Question: Sounds like it's been one crazy ride! You talk a great deal about positive reinforcement as being a guiding influence in your musical career. Criticism must have been hard to deal with - especially later on in your career when you became better known and more people felt they had the right to criticize. How did you deal with it? Any tips for helping new performer/songwriters handle that sort of thing? How did you deal with it in the beginning of your career as opposed to now? What are the differences? If you can think of a particular incident that you learned from, feel free to talk about it (no need to name names).
I have never been particularly good with criticism, unless I have a lot of respect for the source. Even then, I can be an extremely defensive person, and quick to jump to emotional conclusions and quickly launch counterattacks - which is a tendency I try to control, with mixed results.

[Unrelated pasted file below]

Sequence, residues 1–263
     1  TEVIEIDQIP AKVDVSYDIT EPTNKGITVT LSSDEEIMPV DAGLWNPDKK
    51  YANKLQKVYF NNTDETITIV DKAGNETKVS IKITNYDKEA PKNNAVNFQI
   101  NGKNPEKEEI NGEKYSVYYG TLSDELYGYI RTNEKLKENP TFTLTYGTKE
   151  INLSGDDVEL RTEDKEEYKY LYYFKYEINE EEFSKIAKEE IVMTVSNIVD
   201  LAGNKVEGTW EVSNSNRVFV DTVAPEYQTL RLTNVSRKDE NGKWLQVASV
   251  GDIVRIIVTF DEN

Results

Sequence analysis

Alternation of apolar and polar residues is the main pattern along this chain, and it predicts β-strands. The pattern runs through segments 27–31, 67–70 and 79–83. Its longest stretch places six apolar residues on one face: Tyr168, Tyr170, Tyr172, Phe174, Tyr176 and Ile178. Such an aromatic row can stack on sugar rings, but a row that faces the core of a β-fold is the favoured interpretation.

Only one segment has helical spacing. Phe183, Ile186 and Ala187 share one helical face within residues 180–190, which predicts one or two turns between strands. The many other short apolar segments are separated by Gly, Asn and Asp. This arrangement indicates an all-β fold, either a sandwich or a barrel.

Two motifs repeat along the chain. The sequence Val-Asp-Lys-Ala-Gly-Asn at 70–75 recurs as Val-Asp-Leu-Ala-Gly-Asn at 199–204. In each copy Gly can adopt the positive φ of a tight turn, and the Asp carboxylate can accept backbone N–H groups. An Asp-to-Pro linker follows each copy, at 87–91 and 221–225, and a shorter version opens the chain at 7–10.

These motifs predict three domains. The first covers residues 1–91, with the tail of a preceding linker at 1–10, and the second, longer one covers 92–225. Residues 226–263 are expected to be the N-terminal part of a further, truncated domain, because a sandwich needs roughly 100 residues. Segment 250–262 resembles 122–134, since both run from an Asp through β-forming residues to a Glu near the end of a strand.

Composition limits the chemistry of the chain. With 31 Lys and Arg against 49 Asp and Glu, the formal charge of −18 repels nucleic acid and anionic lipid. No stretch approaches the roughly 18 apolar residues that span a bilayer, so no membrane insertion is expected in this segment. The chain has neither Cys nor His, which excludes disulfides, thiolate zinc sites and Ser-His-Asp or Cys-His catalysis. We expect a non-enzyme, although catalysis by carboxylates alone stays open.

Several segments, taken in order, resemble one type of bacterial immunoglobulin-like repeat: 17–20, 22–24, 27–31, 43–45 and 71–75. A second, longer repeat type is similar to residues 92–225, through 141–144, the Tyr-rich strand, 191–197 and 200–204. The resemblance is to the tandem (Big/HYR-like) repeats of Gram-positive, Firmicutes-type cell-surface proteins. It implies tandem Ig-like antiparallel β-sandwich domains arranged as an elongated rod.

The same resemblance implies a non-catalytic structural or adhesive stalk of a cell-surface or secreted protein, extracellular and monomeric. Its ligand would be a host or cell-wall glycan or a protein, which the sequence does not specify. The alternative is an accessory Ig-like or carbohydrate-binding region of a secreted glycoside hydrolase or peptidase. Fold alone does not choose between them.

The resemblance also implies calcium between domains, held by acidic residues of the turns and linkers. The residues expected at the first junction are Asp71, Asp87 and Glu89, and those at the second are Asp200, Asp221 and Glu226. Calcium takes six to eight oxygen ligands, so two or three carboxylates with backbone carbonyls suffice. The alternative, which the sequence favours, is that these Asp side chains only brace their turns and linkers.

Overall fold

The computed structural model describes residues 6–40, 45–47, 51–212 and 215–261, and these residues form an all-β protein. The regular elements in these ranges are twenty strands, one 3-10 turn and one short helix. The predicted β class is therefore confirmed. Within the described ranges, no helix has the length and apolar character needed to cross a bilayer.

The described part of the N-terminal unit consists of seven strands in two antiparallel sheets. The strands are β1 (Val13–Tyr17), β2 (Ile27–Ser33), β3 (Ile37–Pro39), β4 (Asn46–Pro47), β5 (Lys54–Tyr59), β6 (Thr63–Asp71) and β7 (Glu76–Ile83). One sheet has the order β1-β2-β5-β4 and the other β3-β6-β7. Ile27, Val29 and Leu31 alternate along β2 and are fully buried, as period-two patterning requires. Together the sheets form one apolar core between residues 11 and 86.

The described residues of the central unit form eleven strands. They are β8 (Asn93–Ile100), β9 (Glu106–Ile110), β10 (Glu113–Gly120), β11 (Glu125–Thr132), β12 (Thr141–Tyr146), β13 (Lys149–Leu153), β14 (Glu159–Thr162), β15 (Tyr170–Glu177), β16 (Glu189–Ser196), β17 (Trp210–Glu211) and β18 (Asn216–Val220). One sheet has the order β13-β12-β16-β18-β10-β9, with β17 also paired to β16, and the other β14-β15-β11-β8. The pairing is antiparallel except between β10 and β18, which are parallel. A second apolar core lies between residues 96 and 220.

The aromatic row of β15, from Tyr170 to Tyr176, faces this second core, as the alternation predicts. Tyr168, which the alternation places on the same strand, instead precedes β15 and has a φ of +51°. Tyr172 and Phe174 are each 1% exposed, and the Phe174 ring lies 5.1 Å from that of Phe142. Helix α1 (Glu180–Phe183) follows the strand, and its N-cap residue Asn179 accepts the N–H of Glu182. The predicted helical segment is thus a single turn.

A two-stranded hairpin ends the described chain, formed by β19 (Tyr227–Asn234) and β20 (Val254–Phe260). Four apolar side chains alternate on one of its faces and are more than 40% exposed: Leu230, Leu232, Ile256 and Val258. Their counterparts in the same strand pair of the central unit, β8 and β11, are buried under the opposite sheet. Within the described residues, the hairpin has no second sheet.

Actually, I feel the opposite way about criticism than you suggest - age has brought some mellowing. I won't presume to call it 'wisdom', but experience has taught me to have more acceptance of stupidity, mean-spiritedness, pettiness, smallness - more of an understanding that the human being can often be a short-sighted, self-serving, nasty bit of business, and folks will often kick these characteristics into action if they think it might help them build their own notoriety, or propagate their own beliefs. So, now it's easier to let certain kinds of things go (i.e. 'criticism' that holds either no, or unrelated, values), because I can now see it for what it is. And I can accept that I'm just as human (just as bad, or maybe good) as the next person, and full of shortcomings and frailties. Occasionally, my wife will tell me I'm getting cynical, but I honestly think it's just realistic - pragmatic. When I was younger, I would often fire up letters to critics who enjoyed missing the points, or who had their own agendas, or who were only looking to see if they could draw some blood (or release some hot air) by being a sharp little prick. In the early years, amongst other missives, I wrote editorial letters to publications like Kerrang in England, Rolling Stone in the U.S., daily newspapers in Canada - and occasionally got printed, and often had my sanity, or career-building vision, heavily questioned. But even any resulting brouhaha or bad blood didn't have any major impact on career development. Career development is all about the momentum of much larger forces - bigger machines - and the pure chance of timing, and somehow capturing the public's cultural zeitgeist.